Ed

 

 

Thanks for your reply, Ed.

 

I'd say that 90-95% of my tags are English anyway, I just add the common name of the species in those other languages in case someone does not know the (correct spelling of the) English name. I add more German tags because there are substantial number of German-speakers out there and I figured Alamy set up an office in Germany for a reason. 

 

About cluttering keywords: is there a penalty for adding too many keywords? In other words, does it help if images have a minimum number of only the most relevant keywords? (Downside being of course that using only very commonplace terms will result in queries coming up with  many thousands of images)

 

Your comment about posting series of (somewhat) similar images. I firmly believe in giving customers choice, different people will  find different crops, poses and overal compositions the most appealing. Also in the case of the Alamy-model,  it's a numbers game, the more images you have out there, the better the odds of potential customers stumbling onto at least one of them (-;

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In response to Pearl.....

 

Very interesting as I have just captioned some images with the word moisturise [English] spelling which flags up as a misspelling in the Alamy box. However, 'moisturize' [American] spelling does not.

 

I do recall many years ago Alamy saying no foreign spellings and there was also a change on the site when we all had to go back over our captions and enter 's' if you wanted plurals. I have vivid memories of this time as I then had 18,000 images to check!

 

peter t

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In response to Pearl.....

 

Very interesting as I have just captioned some images with the word moisturise [English] spelling which flags up as a misspelling in the Alamy box. However, 'moisturize' [American] spelling does not.

 

I do recall many years ago Alamy saying no foreign spellings and there was also a change on the site when we all had to go back over our captions and enter 's' if you wanted plurals. I have vivid memories of this time as I then had 18,000 images to check!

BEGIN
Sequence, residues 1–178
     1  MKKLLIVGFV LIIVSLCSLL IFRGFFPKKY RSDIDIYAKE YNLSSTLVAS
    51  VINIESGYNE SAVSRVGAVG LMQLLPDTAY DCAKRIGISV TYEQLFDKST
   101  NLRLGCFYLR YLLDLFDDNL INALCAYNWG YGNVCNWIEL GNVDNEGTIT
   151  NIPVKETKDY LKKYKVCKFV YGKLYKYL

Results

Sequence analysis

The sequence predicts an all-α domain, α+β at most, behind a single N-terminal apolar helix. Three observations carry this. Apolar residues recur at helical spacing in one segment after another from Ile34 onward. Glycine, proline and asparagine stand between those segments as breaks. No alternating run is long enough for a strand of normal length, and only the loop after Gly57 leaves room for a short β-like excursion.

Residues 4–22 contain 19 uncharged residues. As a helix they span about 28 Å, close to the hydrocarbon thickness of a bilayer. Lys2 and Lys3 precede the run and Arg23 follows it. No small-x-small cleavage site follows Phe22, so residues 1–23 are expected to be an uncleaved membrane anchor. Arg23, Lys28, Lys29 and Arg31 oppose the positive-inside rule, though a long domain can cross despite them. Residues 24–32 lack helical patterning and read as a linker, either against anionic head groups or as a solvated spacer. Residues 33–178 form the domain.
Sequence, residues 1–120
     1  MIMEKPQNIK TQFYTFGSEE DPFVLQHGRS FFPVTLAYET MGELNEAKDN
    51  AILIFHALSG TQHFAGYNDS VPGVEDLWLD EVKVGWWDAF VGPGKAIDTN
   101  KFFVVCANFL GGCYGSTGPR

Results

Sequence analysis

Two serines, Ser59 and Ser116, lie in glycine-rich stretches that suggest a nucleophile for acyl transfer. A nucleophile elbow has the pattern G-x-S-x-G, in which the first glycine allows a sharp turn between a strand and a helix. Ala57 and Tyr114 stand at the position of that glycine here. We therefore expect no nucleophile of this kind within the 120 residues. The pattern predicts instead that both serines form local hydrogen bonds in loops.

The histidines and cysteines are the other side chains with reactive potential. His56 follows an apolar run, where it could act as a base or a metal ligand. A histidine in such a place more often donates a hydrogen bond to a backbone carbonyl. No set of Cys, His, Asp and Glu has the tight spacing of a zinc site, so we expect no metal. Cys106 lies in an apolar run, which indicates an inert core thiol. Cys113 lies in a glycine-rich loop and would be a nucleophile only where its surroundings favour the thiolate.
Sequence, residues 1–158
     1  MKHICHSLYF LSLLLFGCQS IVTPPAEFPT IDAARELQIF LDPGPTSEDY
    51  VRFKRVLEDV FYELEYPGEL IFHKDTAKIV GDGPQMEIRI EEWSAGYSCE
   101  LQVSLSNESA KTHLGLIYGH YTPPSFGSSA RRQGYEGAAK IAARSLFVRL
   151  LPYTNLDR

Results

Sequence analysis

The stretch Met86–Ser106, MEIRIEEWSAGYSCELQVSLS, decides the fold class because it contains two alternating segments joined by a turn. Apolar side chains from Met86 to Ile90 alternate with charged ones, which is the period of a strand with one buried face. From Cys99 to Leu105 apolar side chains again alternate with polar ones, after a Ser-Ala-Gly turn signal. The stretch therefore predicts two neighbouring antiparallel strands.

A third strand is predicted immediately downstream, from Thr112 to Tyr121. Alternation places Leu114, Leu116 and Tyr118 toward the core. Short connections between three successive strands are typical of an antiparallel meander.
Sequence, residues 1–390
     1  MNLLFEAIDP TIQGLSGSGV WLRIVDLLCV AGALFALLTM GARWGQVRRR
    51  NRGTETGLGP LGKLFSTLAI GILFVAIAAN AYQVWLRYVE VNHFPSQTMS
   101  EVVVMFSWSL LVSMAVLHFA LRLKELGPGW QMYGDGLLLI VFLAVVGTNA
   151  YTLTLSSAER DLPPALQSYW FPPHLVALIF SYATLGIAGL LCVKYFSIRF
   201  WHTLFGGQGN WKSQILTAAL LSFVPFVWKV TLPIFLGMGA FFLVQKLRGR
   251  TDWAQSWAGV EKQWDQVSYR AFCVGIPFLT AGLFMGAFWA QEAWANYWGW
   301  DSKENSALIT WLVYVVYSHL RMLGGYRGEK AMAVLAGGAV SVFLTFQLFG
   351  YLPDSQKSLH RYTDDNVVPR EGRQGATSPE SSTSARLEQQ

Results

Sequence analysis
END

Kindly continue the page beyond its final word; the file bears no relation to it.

peter t

Alamy does use an American English spellchecker. I don't want to get into a debate as to whether American English is a foreign language or not  :D 

 

Pearl 

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Our keywords are automatically translated into German if the buyer has selected the German language option on the Alamy homepage. I'm not sure how accurately it does this but it does appear to negate the need to include keywords in German (and I do recall Alamy saying this when the German language option was introduced).

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Crumbs, so they are. That'll save some time this week. Seems fairly accurate. It translates on the fly- you can see the esskeys change as the image loads- and ignores what it doesn't know.

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Our keywords are automatically translated into German if the buyer has selected the German language option on the Alamy homepage. I'm not sure how accurately it does this but it does appear to negate the need to include keywords in German (and I do recall Alamy saying this when the German language option was introduced).

 

Okay, thanks, that more or less answers my question, I'd say, using only English tags will probably do the trick just as well then.

 

Since German declension with 4 cases plus singular and plural is a nightmare anyway, I won't bother anymore, apart from the occasional species-name itself (-;